When I purchased Hawk Hill in 2010, this poor little trellis was charged with the responsibility of supporting this boisterous and unkempt rose plant. Creating a great big trellis for this rose was one of my first outdoor DIY projects. I knew the theme of my yard could work with a natural/rustic trellis, and I couldn’t find a trellis big enough anyway, so I decided to make my own!
First, I went through the small wooded area along my property line and marked trees for my landscaper to cut. Thankfully there are always many volunteer trees growing straight up, reaching for sunlight in the hedgerows, so finding 6 or 8 long, straight trunks was no problem.
I measured my height of the building, the width of the rose’s natural fan, and cut my vertical and horizontal logs to according lengths. Next, I laid my logs out on the ground in a grid, pre-drilled holes in the logs at the intersections to prevent splitting, then used a long (3″ in my case) deck screw (the coarse threads will help pull it through the wood, and the deck screws won’t rust) to secure horizontal beams to vertical supports.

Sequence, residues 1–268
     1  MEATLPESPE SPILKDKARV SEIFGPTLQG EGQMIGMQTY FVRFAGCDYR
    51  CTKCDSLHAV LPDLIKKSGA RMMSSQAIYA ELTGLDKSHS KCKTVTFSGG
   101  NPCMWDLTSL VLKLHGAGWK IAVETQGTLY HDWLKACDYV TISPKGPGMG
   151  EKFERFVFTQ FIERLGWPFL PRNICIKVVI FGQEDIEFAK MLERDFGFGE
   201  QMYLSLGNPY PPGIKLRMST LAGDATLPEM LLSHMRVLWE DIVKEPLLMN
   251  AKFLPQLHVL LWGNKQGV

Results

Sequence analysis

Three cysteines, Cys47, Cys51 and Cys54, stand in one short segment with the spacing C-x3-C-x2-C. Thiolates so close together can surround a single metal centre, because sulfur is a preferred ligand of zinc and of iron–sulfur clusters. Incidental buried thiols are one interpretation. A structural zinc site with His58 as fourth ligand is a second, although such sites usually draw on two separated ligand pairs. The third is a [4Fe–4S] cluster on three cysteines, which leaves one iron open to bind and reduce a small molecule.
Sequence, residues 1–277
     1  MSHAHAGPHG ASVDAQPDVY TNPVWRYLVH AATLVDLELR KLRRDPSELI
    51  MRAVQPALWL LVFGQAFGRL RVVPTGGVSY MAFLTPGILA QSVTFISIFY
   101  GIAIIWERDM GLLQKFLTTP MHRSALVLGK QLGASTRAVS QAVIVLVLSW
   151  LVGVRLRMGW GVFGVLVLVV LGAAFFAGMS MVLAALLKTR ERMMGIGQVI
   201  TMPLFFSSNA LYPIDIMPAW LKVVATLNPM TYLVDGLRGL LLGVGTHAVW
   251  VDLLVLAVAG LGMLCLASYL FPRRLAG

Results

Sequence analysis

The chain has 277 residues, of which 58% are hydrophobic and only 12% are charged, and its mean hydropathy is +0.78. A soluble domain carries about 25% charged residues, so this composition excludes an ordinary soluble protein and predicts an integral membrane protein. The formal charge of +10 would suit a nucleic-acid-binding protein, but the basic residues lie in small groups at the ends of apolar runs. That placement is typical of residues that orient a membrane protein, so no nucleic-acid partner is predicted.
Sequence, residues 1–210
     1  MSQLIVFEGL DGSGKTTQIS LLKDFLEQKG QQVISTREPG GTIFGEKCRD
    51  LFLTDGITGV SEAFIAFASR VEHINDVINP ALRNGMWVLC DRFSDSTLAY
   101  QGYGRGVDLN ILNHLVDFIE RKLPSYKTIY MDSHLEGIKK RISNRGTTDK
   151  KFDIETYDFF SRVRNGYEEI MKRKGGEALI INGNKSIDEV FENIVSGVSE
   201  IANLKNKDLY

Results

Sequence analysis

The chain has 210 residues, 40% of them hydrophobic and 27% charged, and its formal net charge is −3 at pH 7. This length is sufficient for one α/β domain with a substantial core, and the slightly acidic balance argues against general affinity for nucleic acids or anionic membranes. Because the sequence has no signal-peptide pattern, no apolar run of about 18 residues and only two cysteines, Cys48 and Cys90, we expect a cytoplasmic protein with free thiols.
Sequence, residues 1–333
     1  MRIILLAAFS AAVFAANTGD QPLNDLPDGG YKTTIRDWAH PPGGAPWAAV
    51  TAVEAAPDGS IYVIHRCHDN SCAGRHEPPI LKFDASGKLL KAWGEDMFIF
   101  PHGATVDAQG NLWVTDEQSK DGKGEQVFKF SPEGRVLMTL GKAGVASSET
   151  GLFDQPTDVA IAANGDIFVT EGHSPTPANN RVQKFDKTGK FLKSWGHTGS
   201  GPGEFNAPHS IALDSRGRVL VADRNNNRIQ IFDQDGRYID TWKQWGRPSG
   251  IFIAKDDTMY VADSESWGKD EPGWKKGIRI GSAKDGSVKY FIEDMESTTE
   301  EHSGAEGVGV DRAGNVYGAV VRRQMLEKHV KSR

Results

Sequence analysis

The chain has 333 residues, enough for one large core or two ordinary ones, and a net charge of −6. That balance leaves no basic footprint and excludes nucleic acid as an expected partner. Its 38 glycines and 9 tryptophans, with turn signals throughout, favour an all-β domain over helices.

To cover the unsightly screws and create a more natural look, I then wrapped jute around each joint of the trellis. I simply tied mine off, however in seeing how the rope has frayed since, I would recommend large hammer-in staples combined with a heavy duty glue to secure the ends of the rope to the back of the trellis.
My tree-trunk trellis probably won’t last as long as the aluminum trellis would have, however it is mostly covered by the eaves of my tool shed, so should be well worth the 3 hour this project took.
Here’s a photo of the joints with and without the decorative rope covered joints:
This is a great fall/winter project! I did mine in the spring of 2011, but it wasn’t until the following fall that I installed the trellis. I decided to skip wrestling the thorny growth in favor of installing after a harsh pruning.
And here’s my roses in bloom this spring! With a large trellis to support them they’ve grown huge and still look supported and only a bit wild!